Philip Hunter /
Originally featured on BroadcastEngineering.com
Satellite operators rally against interference
The satellite industry is stepping up efforts to combat the growing problem of interference in the increasingly crowded radio spectrum. The latest move was the announcement at the 2011 NAB Show that the newly restructured Satellite Interference Reduction Group (sIRG) will be working closely with key satellite operators and equipment manufacturers to examine new ways to tackle interference. Radio frequency interference (RFI) has been a growing problem for years, but efforts to tackle it so far have met with limited success. Some operators are losing several million dollars a year in revenue resulting largely from the additional resources required to investigate the sources of RFI, according to sIRG.
One of the first major efforts to tackle satellite interference came in 2005 when sIRG, then known as Satellite Users Interference Reduction Group (SUIRG), launched the Global Uplinker Registry, which enabled satellite operators and services to locate and engage uplinkers using satellite services anywhere in the world. Uplinkers include satellite trucks engaged in outside broadcasts, with fault equipment in these becoming a major source of interference. It was thought that by compiling a registry with threats to cut uplinkers off the list if they repeatedly caused interference and failed to take corrective action, the problem would be reduced. But, this did not happen.
Then SUIRG came up with a different approach relying on technology rather than coercion: the inclusion of carrier ID within MPEG transport streams. As part of the ongoing effort to combat interference and benefit users, satellite operators in 2009 endorsed a recommendation from the World Broadcasting Union’s International Satellite Operations Group (WBU-ISOG) and support the ongoing sIRG initiative for inclusion of a carrier ID inside MPEG transport streams. Intelsat, along with other satellite operators, has been working with hardware manufacturers to implement a carrier ID system, which will supply an embedded electronic signature including the emergency contact information of the interference source to satellite operators, helping them to quickly identify sources of interference.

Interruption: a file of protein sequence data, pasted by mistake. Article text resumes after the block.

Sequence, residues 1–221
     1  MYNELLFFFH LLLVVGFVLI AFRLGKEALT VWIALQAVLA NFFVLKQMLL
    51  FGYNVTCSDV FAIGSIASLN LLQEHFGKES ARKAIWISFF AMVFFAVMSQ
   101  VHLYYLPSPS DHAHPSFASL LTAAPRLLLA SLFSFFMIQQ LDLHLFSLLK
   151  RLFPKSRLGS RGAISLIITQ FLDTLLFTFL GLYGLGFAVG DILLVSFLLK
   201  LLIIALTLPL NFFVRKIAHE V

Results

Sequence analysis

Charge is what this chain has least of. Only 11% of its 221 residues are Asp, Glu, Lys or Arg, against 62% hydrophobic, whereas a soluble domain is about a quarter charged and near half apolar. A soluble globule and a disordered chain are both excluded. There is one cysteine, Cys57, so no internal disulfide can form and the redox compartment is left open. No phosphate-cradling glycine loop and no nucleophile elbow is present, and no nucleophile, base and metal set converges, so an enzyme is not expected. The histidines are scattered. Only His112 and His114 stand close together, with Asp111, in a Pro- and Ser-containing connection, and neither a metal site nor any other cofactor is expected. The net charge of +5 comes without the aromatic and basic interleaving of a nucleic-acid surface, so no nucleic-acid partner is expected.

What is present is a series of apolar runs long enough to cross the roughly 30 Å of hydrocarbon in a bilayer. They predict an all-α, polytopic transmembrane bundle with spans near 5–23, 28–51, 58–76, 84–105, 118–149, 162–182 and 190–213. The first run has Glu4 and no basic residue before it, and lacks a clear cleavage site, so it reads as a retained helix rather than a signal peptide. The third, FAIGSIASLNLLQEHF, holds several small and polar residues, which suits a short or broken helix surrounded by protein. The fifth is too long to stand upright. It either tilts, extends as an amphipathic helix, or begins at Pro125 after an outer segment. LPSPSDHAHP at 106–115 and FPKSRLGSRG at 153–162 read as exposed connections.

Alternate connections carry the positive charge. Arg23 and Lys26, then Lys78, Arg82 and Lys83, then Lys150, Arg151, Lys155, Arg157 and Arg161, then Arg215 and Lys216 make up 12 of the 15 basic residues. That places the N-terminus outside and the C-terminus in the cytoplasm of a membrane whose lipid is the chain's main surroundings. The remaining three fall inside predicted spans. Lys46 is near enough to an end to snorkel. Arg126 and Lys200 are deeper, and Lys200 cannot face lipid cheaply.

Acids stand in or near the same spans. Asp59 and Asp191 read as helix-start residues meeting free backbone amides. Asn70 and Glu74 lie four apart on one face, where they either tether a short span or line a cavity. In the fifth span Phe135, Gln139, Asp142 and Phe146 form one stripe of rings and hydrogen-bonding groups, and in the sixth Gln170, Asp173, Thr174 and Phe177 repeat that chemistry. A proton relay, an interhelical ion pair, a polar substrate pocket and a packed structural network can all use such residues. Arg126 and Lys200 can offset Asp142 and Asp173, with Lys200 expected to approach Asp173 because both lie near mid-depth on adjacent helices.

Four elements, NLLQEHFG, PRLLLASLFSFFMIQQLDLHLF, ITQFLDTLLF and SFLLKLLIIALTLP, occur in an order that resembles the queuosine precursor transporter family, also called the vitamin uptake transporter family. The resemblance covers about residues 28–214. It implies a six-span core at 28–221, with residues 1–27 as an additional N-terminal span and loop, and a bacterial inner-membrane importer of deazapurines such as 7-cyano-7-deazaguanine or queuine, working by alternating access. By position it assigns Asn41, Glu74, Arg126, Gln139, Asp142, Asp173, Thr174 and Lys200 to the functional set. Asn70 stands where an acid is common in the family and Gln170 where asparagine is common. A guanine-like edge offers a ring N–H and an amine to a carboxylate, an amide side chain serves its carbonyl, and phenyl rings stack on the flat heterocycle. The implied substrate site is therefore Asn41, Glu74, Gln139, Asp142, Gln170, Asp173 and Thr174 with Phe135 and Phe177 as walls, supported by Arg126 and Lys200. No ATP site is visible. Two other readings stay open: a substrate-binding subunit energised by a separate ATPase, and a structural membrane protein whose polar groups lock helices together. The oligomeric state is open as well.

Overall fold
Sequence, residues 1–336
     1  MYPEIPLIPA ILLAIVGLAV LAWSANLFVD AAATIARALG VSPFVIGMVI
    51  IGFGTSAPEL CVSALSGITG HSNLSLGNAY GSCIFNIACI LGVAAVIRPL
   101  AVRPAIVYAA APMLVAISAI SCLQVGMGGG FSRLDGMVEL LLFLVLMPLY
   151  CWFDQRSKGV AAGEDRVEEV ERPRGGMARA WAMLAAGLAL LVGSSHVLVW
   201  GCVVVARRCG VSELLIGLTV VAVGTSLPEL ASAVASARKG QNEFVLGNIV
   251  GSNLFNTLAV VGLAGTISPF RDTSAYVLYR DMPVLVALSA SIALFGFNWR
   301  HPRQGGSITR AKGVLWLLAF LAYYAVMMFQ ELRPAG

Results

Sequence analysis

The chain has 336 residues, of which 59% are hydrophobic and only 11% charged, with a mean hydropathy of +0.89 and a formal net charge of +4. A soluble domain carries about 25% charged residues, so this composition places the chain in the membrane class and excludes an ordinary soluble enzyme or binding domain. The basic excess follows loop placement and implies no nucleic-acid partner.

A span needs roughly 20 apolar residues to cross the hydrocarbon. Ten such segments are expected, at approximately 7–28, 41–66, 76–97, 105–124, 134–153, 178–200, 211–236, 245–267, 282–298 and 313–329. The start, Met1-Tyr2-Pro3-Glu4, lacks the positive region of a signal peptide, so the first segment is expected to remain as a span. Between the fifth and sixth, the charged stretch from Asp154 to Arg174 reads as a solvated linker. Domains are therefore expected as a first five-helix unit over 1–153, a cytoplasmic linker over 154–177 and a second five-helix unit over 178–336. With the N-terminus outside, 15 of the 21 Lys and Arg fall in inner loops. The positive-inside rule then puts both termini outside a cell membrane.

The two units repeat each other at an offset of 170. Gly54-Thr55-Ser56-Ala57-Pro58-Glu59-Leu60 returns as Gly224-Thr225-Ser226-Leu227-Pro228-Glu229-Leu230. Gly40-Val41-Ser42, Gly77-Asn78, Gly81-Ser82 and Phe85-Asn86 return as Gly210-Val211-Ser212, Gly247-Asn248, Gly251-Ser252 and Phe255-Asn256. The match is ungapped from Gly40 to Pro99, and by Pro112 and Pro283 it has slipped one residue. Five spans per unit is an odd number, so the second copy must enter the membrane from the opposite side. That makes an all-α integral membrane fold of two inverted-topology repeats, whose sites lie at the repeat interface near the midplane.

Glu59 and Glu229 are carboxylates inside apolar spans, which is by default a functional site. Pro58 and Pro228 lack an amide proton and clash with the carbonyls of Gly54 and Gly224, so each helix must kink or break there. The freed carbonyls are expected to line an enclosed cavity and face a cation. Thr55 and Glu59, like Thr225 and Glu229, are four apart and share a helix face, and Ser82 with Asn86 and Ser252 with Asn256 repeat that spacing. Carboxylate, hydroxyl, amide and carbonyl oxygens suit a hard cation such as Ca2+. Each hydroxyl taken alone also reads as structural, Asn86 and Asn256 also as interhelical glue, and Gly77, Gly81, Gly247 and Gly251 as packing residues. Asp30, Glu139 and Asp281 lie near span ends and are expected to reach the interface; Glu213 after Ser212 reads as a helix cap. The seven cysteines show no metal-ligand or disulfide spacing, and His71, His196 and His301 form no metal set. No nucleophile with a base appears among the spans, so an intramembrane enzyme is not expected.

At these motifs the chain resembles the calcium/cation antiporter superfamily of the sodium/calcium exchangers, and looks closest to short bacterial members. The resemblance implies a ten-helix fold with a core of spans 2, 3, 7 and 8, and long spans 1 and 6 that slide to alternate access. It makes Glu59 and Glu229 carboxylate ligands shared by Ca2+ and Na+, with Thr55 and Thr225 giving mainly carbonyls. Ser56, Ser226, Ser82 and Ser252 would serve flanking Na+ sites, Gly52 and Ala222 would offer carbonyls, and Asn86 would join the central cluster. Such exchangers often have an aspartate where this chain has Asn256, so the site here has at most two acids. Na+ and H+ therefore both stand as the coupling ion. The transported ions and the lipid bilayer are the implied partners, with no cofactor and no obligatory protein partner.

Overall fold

These efforts have been reinforced since March 2011, when sIRG announced a major reorganization and changed its name. The name change reflected the need to broaden sIRG’s mission beyond the needs of the user community, according to Martin Coleman, its new executive director. The sIRG continues its efforts to establish carrier ID as well as support and incorporate the work of other major groups such as the Global VSAT Forum (GVF) and the WBU-ISOG.
“Our efforts are all aimed at driving the organization forward, with better global reach and with the ultimate goal of eradicating interference before it starts,” Coleman said. “Satellite IRG has made some great achievements in recent years with its carrier ID initiatives and has brought many industry leaders onboard. I am excited about the next steps toward eradicating interference.”